Our modern society is underpinned by many mathematical insights. Mathematics is a living subject with ideas, techniques, and theorems constantly being created, tested, and explored.
Mathematicians are at the forefront of breakthroughs in science, technology, and finance. Did you know:
- Money is kept secure when using internet banking protocols based on mathematical cryptography and prime numbers.
- Medical images such as MRI are reconstructed using mathematical tools that were first developed in the early 1800s.
- The mathematics of wavelet transformations helps us to understand seismic activity, which may one day assist us with the prediction of earthquakes.
- Mathematicians can find solutions to equations that govern the universe to help us understand physical phenomena, without the need for expensive experiments.
- Mathematical modelling can help with the protection of our native flora and fauna.
Mathematical thought is one of the greatest human achievements, and has been around for over 4,000 years. In all these millennia, mathematicians have been one step ahead and are already preparing for the technological advances of the coming generation.
- UC is known internationally for its involvement in Mathematics and Statistics education and research. Several members of staff have awards for their work in this area. Our research expertise informs our teaching.
- We welcome visiting scholars on the Erskine Fellowship Programme. Students benefit greatly from their teaching and the diverse perspectives they offer.
- We actively support undergraduate research through summer projects and honours dissertations, with some of our recent budding scholars heading to Oxford, Harvard, and Yale for postgraduate work.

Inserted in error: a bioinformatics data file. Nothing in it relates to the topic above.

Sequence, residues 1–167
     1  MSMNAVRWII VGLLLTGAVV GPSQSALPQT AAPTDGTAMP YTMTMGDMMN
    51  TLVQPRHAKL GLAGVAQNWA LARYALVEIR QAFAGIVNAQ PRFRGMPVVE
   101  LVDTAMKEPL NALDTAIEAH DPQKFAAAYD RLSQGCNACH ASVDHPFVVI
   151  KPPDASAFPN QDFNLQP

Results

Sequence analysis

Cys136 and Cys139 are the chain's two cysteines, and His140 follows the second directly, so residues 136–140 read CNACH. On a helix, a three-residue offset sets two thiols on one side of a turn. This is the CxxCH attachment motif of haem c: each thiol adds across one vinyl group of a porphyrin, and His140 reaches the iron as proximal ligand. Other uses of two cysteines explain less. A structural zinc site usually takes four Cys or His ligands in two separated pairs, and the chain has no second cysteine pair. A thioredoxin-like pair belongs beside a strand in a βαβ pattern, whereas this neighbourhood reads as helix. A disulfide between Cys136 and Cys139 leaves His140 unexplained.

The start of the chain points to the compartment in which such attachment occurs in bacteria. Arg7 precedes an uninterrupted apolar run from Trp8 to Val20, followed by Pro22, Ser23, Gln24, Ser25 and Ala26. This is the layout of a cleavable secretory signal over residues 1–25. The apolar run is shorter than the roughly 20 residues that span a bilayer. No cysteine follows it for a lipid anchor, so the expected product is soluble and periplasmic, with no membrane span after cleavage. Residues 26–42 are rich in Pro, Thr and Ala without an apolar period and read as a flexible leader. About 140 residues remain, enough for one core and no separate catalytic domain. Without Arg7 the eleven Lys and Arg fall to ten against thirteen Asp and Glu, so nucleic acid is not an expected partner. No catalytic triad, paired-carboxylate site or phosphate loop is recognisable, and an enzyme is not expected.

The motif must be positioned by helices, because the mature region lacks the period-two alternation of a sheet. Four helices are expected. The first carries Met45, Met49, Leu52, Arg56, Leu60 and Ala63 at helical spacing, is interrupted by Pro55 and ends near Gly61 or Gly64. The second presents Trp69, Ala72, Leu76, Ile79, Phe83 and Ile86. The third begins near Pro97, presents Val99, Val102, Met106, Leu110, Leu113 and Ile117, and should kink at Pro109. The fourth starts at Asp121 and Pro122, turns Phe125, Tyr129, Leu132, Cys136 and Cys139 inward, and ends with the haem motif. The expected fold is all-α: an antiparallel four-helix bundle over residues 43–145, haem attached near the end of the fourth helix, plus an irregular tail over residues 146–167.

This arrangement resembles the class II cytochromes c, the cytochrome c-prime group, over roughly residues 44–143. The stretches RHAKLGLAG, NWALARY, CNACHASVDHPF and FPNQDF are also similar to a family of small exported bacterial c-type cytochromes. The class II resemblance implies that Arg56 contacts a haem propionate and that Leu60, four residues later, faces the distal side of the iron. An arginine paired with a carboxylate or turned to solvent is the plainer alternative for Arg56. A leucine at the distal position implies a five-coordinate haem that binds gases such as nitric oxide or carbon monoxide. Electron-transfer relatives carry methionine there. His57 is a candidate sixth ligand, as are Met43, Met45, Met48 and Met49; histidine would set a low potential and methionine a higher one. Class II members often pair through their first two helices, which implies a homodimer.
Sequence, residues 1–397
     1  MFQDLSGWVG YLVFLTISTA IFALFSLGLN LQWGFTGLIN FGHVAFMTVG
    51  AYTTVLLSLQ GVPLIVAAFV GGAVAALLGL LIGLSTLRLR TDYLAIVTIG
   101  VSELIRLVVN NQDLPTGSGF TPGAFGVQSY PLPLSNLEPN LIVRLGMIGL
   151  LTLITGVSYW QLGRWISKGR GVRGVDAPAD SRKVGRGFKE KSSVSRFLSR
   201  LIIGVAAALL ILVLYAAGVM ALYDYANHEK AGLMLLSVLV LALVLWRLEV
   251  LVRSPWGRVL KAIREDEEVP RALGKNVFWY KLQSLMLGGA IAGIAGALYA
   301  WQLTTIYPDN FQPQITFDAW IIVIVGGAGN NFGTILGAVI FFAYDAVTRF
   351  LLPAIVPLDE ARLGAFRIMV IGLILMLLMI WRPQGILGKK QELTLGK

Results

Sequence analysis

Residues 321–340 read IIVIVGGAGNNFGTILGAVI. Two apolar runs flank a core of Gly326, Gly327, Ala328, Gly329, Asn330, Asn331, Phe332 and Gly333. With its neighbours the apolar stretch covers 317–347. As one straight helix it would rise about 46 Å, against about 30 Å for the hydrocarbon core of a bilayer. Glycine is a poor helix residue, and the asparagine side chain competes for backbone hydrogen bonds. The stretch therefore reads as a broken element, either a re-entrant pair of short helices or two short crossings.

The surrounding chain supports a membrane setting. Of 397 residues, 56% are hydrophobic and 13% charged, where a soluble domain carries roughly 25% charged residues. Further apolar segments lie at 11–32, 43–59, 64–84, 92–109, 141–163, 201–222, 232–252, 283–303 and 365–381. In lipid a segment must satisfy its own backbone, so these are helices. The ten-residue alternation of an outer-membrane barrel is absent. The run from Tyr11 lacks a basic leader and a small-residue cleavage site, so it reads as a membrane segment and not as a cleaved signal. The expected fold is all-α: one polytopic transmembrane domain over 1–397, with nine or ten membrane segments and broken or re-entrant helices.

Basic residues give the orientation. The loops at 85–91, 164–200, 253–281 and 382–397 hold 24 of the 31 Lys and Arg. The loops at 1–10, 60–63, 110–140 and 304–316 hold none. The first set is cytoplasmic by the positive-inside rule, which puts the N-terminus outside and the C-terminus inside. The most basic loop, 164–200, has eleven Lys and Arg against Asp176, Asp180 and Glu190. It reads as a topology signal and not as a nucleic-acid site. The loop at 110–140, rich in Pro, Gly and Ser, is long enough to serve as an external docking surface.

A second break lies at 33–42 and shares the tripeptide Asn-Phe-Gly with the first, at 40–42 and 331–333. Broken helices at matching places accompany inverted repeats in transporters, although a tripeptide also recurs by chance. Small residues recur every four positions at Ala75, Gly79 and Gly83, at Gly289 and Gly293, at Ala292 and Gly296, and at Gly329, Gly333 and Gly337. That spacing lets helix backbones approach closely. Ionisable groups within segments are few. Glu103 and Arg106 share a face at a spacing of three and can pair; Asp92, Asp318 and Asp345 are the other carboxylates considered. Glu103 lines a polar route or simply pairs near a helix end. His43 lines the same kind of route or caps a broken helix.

- We have a thriving culture that encourages meeting up with like-minded students through clubs.
Entry into MATH 101 Methods of Mathematics and MATH 110 Foundations of Applied Mathematics and Statistics is open to all students with entry to the University. A background of Year 12 Mathematics is highly recommended.
Entry into MATH 102 Mathematics 1A requires 14 credits at NCEA Level 3 maths.
If you haven’t studied mathematics or statistics for some time or lack confidence in your skills, we help you out with Headstart courses in January/February.
Students who have not taken mathematics to Year 13 level are strongly advised to take MATH 101 Methods of Mathematics.
At least three courses chosen from:
- MATH 201 Multivariable Calculus or EMTH 210 Engineering Mathematics 2
- MATH 202 Differential Equations
- MATH 203 Linear Algebra or EMTH 211 Engineering Linear Algebra and Statistics
- MATH 220 Discrete Mathematics and Cryptography
- MATH 240 Analysis and Group
For the Mathematics minor in the Bachelor of Arts, Bachelor of Commerce, Bachelor of Science, Bachelor of Sport Coaching, or Bachelor of Youth and Community Leadership, you will need to take these courses throughout your chosen degree:
- 75 points in 100 to 300-level MATH courses, with at least 45 points at 200-level or above
One of the most important quality a Mathematics graduate develops is the ability to reason logically and in depth. Mathematics is a creative, collaborative pursuit.
Mathematics graduates are highly employable in computing, finance, commerce, insurance, scientific institutions (such as Crown Research Institutes), law, teaching, and many other fields.
Employment opportunities are particularly good for people who combine qualifications in Mathematics with qualifications in other disciplines such as Physics, Statistics, Computer Science, Engineering, Management, and Economics.
Previous graduates have been employed by Macquarie Capital, Deloitte, BNY-Mellon, First NZ Capital, Te Pūtea Matua | Reserve Bank, Vero Insurance, Wynyard Security Group, and many government agencies like Kaitohutohu Kaupapa Rawa | Treasury, Tatauranga Aotearoa | Stats NZ, and Hīkina Whakatutuki | Ministry of Business, Innovation and Employment.
Find out more about what you can do with a degree in Mathematics.
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